Tuesday, May 12, 2015

Auroras on Mars?

Green skies on a red planet?  You bet.

Last December, a NASA spacecraft named "Maven", detected what scientists call "evidence of widespread Aurora's in the Northern Hemisphere". They said the auroras wrapped around the equator like a string of Christmas lights. NASA said if that display happened here, the auroras would have been seen as far South as Florida.  

The following is from a NASA article:

"It really is amazing," says Nick Schneider who leads MAVEN's Imaging Ultraviolet Spectrograph (IUVS) instrument team at the University of Colorado.  "Auroras on Mars appear to be more wide ranging than we ever imagined."

A map of MAVEN's Imaging Ultraviolet Spectrograph (IUVS) auroral detections in December 2014 overlaid on Mars’ surface. The map shows that the aurora was widespread in the northern hemisphere, not tied to any geographic location. The aurora was detected in all observations during a 5-day period. Credits: University of Colorado  
This isn't the first time a spacecraft has detected auroras on Mars.  Ten years ago, the European Space Agency's Mars Express found an ultraviolet glow coming from "magnetic umbrellas" in the southern hemisphere.

Unlike Earth, Mars does not have a global magnetic field that envelops the entire planet.  Instead, Mars has umbrella-shaped magnetic fields that sprout out of the ground like mushrooms, here and there, but mainly in the southern hemisphere.  These umbrellas are remnants of an ancient global field that decayed billions of years ago.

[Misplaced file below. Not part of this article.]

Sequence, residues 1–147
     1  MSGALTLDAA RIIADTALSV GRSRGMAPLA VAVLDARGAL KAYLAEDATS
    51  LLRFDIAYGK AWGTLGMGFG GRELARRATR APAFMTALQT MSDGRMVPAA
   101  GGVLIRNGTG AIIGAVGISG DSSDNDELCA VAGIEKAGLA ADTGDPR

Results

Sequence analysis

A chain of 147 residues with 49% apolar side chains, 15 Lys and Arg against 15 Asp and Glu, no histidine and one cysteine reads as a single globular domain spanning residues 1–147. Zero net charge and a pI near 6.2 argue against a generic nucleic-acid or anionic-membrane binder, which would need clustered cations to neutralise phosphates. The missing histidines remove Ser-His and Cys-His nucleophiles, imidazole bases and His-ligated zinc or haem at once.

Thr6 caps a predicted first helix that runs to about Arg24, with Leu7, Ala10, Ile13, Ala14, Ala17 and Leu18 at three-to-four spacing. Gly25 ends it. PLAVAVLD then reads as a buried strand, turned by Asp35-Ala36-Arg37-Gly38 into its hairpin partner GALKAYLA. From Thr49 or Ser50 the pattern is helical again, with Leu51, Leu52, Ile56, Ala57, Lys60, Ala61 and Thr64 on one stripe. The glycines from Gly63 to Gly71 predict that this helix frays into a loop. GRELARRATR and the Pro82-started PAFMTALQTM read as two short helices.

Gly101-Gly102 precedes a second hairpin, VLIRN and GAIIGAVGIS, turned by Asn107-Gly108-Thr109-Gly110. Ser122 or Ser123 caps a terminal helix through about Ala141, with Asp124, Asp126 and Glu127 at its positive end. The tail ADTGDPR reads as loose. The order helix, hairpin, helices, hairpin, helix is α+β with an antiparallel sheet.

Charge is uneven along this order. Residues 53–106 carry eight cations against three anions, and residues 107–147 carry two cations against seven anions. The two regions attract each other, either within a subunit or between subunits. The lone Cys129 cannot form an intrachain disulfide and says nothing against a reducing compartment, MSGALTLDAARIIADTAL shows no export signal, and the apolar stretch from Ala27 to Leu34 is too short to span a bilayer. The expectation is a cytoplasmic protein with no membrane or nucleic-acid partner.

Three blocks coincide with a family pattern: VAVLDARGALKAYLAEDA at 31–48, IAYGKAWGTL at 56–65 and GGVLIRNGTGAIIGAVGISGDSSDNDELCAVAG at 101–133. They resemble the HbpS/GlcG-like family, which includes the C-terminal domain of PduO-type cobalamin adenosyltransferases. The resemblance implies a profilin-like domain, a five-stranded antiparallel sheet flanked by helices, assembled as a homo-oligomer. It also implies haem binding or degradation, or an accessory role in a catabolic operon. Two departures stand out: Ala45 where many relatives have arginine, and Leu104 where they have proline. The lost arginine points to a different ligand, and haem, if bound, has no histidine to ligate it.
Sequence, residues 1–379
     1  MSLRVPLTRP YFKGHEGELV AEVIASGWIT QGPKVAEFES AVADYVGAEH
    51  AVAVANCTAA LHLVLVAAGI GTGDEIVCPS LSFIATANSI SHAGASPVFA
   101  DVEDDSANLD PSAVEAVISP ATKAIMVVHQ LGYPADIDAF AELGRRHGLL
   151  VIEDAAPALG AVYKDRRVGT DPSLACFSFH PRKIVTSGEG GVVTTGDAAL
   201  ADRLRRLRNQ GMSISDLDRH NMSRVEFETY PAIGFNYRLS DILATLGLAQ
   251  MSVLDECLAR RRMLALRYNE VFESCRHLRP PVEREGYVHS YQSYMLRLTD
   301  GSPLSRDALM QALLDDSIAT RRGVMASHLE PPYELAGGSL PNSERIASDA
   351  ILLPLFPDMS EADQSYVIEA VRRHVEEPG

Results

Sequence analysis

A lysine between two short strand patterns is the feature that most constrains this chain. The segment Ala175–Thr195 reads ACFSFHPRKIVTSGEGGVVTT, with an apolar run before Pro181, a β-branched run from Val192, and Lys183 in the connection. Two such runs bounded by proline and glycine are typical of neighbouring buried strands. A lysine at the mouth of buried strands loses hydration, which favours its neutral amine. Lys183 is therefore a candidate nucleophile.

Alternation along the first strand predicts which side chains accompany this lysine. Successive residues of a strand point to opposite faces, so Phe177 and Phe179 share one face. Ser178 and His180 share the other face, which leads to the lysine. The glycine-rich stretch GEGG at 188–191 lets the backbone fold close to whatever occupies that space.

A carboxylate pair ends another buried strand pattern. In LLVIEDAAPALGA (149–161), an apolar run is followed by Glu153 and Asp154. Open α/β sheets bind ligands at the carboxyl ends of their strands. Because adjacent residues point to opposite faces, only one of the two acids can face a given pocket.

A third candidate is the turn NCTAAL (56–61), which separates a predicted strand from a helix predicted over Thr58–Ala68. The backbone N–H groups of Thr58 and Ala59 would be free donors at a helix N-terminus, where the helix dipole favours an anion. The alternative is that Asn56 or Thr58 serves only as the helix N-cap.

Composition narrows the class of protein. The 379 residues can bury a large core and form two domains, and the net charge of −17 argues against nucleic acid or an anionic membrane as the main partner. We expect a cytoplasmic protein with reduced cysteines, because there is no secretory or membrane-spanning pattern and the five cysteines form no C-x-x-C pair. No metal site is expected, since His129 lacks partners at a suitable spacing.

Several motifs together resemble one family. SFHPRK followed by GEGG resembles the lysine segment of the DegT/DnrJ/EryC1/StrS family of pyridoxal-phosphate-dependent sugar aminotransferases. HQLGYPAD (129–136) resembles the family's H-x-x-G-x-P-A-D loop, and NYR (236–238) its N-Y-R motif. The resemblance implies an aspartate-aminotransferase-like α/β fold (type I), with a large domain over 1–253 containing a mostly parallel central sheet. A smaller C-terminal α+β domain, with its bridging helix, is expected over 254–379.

"The canopies of the patchwork umbrellas are where we expect to find Martian auroras," says Schneider. "But MAVEN is seeing them outside these umbrellas, so this is something new."
Auroras occur, both on Earth and Mars, when energetic particles from space rain down on the upper atmosphere.

On Earth, these particles are guided toward the poles by our planet's global magnetic field.  That's why auroras are seen most often around the Arctic and Antarctic. On Mars, there is no organized planetary magnetic field to guide the particles north and south—so they can go anywhere.
"The particles seem to precipitate into the atmosphere anywhere they want," says Schneider. "Magnetic fields in the solar wind drape across Mars, even into the atmosphere, and the charged particles just follow those field lines down into the atmosphere."

According to the MAVEN data, solar particles that caused the "Christmas lights" penetrated deeply into the Martian atmosphere---sparking auroras less than 100 km from the surface.  That's lower than auroras on Earth, which range from 100 km to 500 km high.

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